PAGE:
O&G: https://ranzcog.edu.au/RANZCOG_SITE...ng/CV-application-scoring-guidelines-2021.pdf

Physician -- doesn't list a scoring system.

Anaesthetics -- doesn't list a scoring system but their selection criteria are outlined on page 8 of this document https://www.anzca.edu.au/resources/all-handbooks-and-curriculums/anzca-training-handbook
 

chinaski

Regular Member
Physician -- doesn't list a scoring system.
...Because one does not exist to be listed.

To the OP, your question was nebulous because it was asking when you learn about "research" in medical school. Essentially, there is no way to "learn research" - it's not something that can be covered with a few lectures and hints about "how to". I'd suggest attending to the basics first. Most med schools will include in their curricula the basics of Evidence Based Medicine, which should cover the fundamentals of how to read, appraise and apply research. I think it's actually pretty hard to think about doing more advanced things (eg being directly involved in trials, studies, papers etc) before you have a firm grasp on things like how to critically read a paper and how study designs work. Learn to walk before you start thinking about how to run - that's what you should be concentrating upon in med school (rather than worrying about how to become a registrar).
 
Learn to walk before you start thinking about how to run - that's what you should be concentrating upon in med school (rather than worrying about how to become a registrar).
Yeah this is a good point, I know it’s very far ahead but I can’t help but be concerned when I hear stories of how difficult registrar programs are to get into. Stories of poor working conditions and the like for very senior residents who’ve missed out repeatedly on becoming a registrar. I know it’s very far ahead but since the decision to take on the medical journey happens so early, in my opinion it’s wise to at least be aware of how these processes work.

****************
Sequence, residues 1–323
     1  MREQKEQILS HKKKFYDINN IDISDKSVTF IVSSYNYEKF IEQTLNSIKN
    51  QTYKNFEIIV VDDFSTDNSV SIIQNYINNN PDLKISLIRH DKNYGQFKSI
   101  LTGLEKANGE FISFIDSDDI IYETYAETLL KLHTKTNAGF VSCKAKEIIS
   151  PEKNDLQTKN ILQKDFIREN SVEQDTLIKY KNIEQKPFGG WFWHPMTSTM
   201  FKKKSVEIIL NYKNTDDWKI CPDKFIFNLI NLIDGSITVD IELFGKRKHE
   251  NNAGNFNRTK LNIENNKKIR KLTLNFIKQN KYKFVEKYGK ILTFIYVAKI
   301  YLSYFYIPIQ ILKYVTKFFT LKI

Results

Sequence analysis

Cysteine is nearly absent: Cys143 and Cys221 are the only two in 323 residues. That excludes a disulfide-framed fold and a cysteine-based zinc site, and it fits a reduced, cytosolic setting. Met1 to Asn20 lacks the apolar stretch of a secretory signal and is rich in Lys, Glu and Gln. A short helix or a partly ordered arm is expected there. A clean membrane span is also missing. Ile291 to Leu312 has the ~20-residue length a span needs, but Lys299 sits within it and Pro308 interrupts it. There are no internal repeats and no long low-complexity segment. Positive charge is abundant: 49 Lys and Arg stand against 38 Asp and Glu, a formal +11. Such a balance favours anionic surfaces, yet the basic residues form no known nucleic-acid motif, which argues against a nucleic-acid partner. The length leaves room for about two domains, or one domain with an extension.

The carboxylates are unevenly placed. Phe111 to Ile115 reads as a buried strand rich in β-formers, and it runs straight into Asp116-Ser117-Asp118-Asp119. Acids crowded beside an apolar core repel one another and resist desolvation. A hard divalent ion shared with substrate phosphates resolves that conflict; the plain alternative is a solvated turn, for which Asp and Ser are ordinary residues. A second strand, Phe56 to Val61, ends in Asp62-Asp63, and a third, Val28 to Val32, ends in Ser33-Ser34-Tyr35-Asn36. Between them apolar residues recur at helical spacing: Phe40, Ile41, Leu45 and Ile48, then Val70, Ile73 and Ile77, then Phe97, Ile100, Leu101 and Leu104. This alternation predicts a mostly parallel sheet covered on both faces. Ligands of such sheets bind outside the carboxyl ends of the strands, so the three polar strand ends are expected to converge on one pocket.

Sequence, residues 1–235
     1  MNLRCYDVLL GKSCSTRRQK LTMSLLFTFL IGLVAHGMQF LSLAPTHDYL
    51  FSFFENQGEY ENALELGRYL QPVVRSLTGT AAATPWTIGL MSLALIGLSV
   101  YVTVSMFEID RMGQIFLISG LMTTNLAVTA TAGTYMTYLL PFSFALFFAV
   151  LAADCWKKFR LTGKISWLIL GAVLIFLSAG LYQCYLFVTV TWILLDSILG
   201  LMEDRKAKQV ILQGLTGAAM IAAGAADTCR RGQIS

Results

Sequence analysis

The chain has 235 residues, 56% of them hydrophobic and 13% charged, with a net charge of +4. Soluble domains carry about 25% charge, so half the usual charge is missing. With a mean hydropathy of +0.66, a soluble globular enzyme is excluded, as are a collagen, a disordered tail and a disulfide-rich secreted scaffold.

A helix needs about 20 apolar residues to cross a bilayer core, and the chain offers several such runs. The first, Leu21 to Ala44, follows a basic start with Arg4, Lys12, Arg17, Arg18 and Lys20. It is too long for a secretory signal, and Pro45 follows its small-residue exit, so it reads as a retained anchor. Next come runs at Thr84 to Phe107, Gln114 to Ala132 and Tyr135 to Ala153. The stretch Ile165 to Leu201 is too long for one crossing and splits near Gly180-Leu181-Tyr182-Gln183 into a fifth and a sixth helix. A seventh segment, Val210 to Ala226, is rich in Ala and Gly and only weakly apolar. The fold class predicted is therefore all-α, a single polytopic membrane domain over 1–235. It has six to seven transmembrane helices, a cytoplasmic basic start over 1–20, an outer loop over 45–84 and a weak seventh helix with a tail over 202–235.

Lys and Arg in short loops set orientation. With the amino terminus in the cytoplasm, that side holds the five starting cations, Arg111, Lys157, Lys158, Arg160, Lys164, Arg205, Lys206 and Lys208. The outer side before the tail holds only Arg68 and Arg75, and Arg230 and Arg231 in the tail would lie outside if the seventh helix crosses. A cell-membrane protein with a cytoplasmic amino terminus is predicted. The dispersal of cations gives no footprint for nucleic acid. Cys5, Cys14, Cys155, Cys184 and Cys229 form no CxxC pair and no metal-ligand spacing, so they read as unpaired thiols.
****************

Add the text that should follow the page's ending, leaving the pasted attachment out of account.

Surgery -- all are on here with a couple clicks: Specialty specific eligibility criteria & selection processes

ICU: https://www.cicm.org.au/CICM_Media/...ured-Scored-Curriculum-Vitae-2021-Scoring.pdf

O&G: https://ranzcog.edu.au/RANZCOG_SITE...ng/CV-application-scoring-guidelines-2021.pdf

Physician -- doesn't list a scoring system.

Anaesthetics -- doesn't list a scoring system but their selection criteria are outlined on page 8 of this document https://www.anzca.edu.au/resources/all-handbooks-and-curriculums/anzca-training-handbook
Also thank you to Benjamin for the comprehensive answer.
 

chinaski

Regular Member
Absolutely agree you should be aware of the obstacles further down the road (note: these extend beyond the point of getting onto a training program). However, don't concentrate on those obstacles to the point of neglecting the basics you need to cover first. Med school is a time wherein you get to focus on getting the fundamental bedrock of medicine down - you need that to build on. Everything else stacks on top of that.